APPEAL FROM THE UNITED STATES DISTRICT COURT FOR THE EASTERN DISTRICT OF PENNSYLVANIA. D.C. Civil Action No. 72-1049.
Van Dusen, Gibbons and Rosenn, Circuit Judges. Gibbons, C.j., dissenting.
VAN DUSEN, Circuit Judge.
Petitioner Booker appeals from the July 31, 1972 district court order which denied his petition for habeas corpus without a hearing. We affirm the order of the district court.
Booker is imprisoned for the murder of his wife. He pleaded guilty generally to this murder, and the three-judge court which accepted his plea determined, after a trial on the degree of guilt, that the murder was first degree. The court sentenced him to life. He appealed this sentence to the Pennsylvania Supreme Court and, while such appeal was pending, as a result of a joint petition filed by defendant's counsel and the district attorney, the case was remanded for an evidentiary hearing to consider petitioner's contentions that the guilty plea was invalid and that he had been denied his constitutional right to the effective assistance of counsel. Petitioner also filed while such appeal was pending a petition seeking relief under the Post-Conviction Hearing Act, which was consolidated for hearing with the remanded case. At this hearing, his contentions as to the voluntariness of his plea and the effectiveness of his counsel were rejected in an opinion by Judge Doty. See Commonwealth v. Booker, Opinion of 12/20/71 (C.P. Phila. Criminal Section, Dec. Term 1967 No. 1639). The Pennsylvania Supreme Court affirmed per curiam, 447 Pa. 587, 287 A.2d 899 (1972).
Booker then filed a petition in the district court for habeas corpus. The district court, "after careful and independent consideration of relator's petition, the state court records and after review of the Report and Recommendation of the United States Magistrate," adopted this report, which had concluded that the post-conviction hearing judge had reliably found the facts and correctly applied the law.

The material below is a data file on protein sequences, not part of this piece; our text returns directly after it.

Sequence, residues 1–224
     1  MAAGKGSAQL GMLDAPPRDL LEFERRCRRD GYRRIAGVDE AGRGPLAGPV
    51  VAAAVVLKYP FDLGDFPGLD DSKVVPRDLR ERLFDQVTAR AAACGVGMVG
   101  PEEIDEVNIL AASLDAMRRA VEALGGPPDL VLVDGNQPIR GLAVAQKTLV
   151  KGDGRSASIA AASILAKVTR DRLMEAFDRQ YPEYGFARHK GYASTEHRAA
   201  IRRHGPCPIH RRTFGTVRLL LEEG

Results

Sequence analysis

Early on the morning of October 23, 1967, Booker killed his wife by shooting three hunting arrows and two target arrows variously into her neck, left breast and right side. He subsequently wrote on a wall that he also tried to strangle his infant son, but revived him. Booker then called the police who arrived, found his wife's body, and took him into custody. Later that morning he made a statement to police relating the circumstances of the killing.
Two counsel were appointed for Booker, Abraham J. Brem Levy and Anthony Minisi. They obtained an offer from the district attorney's office that, in exchange for a guilty plea, the district attorney's office would certify the murder as second degree and recommend seven to fourteen years. Booker, however, refused to accept this arrangement and discharged the two attorneys. At his post-conviction hearing Booker stated that his reason for this action was his desire to present the defense of insanity to a jury.*fn1
Two new attorneys were appointed, Richard D. Atkins and Armand Della Porta (now Judge Della Porta). It is with respect to the conduct and advice of these men that Booker now petitions for relief. His central factual claims are, first, that these counsel believed, and, second, that they told him, that if he pleaded guilty he would be allowed to present evidence of diminished responsibility at the time of the killing and that this evidence would negate the intent necessary for a finding of first degree murder. The then-existing law, Booker argues, was clearly to the contrary. Therefore, because of this ignorance or gross misappraisal of Pennsylvania law, counsel were incompetent and did not render him effective assistance. United States ex rel. Green v. Rundle, 434 F.2d 1112, 1113 (3d Cir. 1970); United States v. Moore, 432 F.2d 730, 736-37 (3d Cir. 1970). On the same reasoning petitioner contends that their advice to him did not fall "within the range of competence demanded of attorneys in criminal cases," McMann v. Richardson, 397 U.S. 759, 770-71, 25 L. Ed. 2d 763, 90 S. Ct. 1441 (1970),*fn2 and rendered his guilty plea unintelligent and void. See United States ex rel. Crosby v. Brierley, 404 F.2d 790, 797-98 n.19 (3d Cir. 1968).